Originally slated for May 19 – 22, 2009, in Belmopan, the capital of Belize, the Third Annual World Conference for Responsible Tourism has been postponed till next fall, announced the Belize Tourism Board (BTB) this week.
What happens when a small, scarcely populated backwater of a country is suddenly deluged with a million foreign visitors a year? What’s the best way to address the host of changes and challenges that this brings? Tourism experts from around the world will attempt to answer these questions at the conference, which will examine the impacts of: tourism on marine and coastal zones (in Belize and around the world), the impacts of cruise tourism (which contributes to 7 out of 10 visitors to Belize), and the physical and social impacts of second homes and condominiums in Belize.
Belize has often been seen as a poster child for sustainable tourism, so it is a natural choice to host the event, organized by the International Centre for Responsible Tourism (ICRT), a local branch of UK-based ICRT which supports responsible tourism in other sensitive and popular parts of the word, including The Gambia, India, and South Africa.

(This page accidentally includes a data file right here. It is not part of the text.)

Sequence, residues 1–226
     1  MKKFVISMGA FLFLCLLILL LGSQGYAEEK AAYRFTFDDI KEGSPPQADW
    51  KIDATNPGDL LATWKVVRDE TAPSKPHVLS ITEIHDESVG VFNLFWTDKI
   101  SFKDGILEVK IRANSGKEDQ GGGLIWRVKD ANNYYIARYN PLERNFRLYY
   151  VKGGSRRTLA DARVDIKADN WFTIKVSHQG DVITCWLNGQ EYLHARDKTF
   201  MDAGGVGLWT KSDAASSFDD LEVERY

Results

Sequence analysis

The conference comes the same year BTB announced a four-year, $13.5 million dollar plan “to promote and practice responsible tourism development in the country,” funding infrastructural projects in four of the country’s more popular tourism destinations, including Chaa Creek’s home district of Cayo in western Belize.
“Continuing an open dialogue on key sustainable tourism issues, such as its effect on our local community and environment, is critical to the survival of, not only Belize, but the world as a whole,” said Government of Belize Minister of Tourism Manuel Heredia Jr., underscoring the importance of the event.
— by Joshua Berman, author of Moon Belize